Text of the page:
Dear President Trump: America is in for a Rude Awakening in January

 

Over the last couple of years I’ve been all over TV… from Fox News to CNBC, CNN and Bloomberg. I’ve been telling our fellow Americans that the financial global elite was planning to issue their own globalist currency called special drawing rights, or SDRs.

And that those elites would use this new currency to replace the U.S. dollar as the global reserve currency.

I’m sure some people in the mainstream media thought I was out of line — but the United Nations and the International Monetary Fund (IMF) have both confirmed this plan to replace the U.S. dollar is real. I’ve made this warning many times, but it seems to be falling on deaf ears. That’s why I’m writing directly to you.

Here’s the proof that the U.S. dollar is under attack, right in front of our eyes:

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Washington, China, and the Rise of the Renminbi: Are the Dollar’s Days as the Global Reserve Currency Numbered?

Abstract

The U.S. dollar has dominated the international monetary system since the end of World War II. While the U.S. economy has generated weak growth since 2009, and accumulated a large sovereign debt, the dollar’s status as an international medium of exchange and reserve currency has not diminished. The Chinese renminbi (RMB), however, barely visible in international trade or financial flows just three years ago, appears to be blossoming. China is now the world’s largest trading nation, and more corporations, particularly in Asia, are beginning to invoice their business in RMB. The Chinese regime is calling for a reform of the international monetary system to expand the internationalization of the RMB. Speculation has begun about whether the U.S. dollar could be supplanted by the RMB. Such a development would jeopardize the enormous economic advantages that the U.S. has enjoyed by possessing the world’s dominant currency. Moreover, it would signal a relative decline in American prestige and global leadership. The answer to the dollar’s potential decline is not to seek obstacles to China’s or any other nation’s economic success, but to change fiscal and monetary policies at home in order to maintain the dollar’s competitiveness.The U.S. dollar has dominated the international monetary system for approximately 70 years. While the U.S. economy has generated weak growth over the past six years and accumulated a large sovereign debt, the dollar’s status as an international medium of exchange and reserve currency (currency held by foreign central banks) has defied the odds and has not diminished. Continue reading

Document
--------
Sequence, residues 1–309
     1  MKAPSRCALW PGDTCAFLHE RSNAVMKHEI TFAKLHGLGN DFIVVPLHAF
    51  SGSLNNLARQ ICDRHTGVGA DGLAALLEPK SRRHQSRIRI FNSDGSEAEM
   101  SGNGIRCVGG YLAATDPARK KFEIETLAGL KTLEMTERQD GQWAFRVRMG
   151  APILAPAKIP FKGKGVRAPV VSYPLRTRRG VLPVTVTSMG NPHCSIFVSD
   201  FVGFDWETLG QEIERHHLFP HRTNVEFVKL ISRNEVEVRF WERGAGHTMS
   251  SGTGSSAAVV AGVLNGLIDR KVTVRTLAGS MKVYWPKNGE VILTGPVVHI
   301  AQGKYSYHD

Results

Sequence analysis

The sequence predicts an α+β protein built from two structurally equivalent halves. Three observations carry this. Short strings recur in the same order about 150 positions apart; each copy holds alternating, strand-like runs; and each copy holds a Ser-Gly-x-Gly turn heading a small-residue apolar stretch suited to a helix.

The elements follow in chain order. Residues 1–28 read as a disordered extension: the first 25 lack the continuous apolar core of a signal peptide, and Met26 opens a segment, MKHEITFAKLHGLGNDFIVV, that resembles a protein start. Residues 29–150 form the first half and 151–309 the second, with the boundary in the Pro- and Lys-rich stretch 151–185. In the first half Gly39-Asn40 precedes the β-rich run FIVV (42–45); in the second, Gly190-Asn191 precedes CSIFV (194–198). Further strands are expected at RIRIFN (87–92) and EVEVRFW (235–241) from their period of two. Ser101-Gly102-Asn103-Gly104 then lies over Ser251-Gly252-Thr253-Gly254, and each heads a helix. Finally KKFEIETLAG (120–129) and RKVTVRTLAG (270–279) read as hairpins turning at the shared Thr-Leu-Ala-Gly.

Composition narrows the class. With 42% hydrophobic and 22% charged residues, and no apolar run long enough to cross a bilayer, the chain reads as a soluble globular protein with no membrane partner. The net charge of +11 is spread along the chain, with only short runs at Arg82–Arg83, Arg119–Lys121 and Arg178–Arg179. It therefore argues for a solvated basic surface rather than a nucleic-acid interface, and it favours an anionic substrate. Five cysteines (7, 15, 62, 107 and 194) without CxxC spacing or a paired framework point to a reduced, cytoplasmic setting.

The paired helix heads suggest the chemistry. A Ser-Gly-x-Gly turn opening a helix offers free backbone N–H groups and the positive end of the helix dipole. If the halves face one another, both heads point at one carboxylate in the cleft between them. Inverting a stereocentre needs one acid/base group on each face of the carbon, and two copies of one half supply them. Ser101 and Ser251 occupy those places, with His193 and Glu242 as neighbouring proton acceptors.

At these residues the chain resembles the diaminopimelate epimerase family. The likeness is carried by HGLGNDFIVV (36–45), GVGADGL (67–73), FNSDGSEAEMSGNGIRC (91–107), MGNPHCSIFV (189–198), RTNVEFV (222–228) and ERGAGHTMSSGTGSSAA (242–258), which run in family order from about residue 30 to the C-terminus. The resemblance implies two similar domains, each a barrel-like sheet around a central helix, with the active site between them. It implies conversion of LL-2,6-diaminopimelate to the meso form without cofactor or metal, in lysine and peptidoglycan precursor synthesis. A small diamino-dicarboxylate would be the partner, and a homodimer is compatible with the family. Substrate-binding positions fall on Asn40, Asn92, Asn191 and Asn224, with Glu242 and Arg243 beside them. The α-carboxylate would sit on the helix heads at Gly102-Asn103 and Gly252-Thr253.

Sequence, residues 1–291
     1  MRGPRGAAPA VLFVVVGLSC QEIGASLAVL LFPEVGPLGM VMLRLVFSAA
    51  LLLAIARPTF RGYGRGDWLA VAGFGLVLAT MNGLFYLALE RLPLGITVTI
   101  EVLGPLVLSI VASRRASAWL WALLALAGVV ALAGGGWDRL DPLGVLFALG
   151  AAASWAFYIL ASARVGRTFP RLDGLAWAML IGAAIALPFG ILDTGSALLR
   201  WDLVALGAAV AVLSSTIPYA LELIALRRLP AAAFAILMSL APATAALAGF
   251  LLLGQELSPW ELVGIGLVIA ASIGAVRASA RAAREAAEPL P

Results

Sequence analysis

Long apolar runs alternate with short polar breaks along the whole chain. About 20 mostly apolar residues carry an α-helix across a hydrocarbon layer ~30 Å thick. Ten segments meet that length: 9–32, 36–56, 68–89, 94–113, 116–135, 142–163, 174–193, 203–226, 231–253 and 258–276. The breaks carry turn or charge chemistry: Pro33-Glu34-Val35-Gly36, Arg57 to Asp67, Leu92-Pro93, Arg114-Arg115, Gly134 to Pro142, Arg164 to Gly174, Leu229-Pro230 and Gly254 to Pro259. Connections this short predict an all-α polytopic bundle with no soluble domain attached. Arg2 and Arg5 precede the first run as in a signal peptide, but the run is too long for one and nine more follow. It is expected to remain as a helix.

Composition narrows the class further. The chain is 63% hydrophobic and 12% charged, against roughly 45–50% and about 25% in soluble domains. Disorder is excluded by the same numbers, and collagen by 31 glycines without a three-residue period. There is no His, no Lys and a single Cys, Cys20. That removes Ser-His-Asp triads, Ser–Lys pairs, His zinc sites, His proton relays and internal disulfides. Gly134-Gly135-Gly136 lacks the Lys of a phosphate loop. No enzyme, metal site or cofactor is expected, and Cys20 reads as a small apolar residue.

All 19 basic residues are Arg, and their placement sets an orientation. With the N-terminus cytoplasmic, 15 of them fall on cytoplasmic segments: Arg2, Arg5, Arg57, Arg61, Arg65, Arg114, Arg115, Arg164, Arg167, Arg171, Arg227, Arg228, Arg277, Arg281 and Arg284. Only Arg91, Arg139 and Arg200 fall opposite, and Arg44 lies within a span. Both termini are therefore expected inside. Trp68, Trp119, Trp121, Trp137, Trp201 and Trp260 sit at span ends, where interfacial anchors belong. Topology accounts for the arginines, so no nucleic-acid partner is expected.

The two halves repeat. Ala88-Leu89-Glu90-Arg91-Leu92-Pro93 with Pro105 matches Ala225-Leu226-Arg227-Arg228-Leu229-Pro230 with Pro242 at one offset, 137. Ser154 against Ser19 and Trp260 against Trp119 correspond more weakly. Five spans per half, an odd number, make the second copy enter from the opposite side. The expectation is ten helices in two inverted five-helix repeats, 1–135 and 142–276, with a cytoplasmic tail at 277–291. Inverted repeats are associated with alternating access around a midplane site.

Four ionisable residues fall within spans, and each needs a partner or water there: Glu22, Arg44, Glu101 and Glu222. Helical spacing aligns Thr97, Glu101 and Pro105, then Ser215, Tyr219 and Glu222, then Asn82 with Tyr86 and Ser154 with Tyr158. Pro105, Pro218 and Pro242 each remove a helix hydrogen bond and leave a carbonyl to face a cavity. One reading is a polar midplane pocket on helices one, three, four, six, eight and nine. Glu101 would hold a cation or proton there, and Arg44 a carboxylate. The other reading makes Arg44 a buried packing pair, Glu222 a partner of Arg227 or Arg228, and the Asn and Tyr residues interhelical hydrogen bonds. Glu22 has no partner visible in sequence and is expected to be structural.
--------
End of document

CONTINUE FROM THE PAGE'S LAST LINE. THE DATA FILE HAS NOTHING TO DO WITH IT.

Currency Wars Back As Russia Buys One Million Ounces of Gold in March

– Russia buys one million ounces and increases gold reserves by another 2.6% in March
– Russia sees gold as important monetary and strategic asset in stealth currency wars
– Large purchase by Russia who normally buy some 300,000 ounces a month
– Russian gold reserves, at nearly 40 million ounces, are now fifth largest in the world
– Russia likely coordinating gold reserve accumulation with ex-Soviet States
– Concerns regarding euro and crisis in erstwhile reserve currency, the dollar
– Gold remains central to international monetary system
– Central banks continue to accumulate large volumes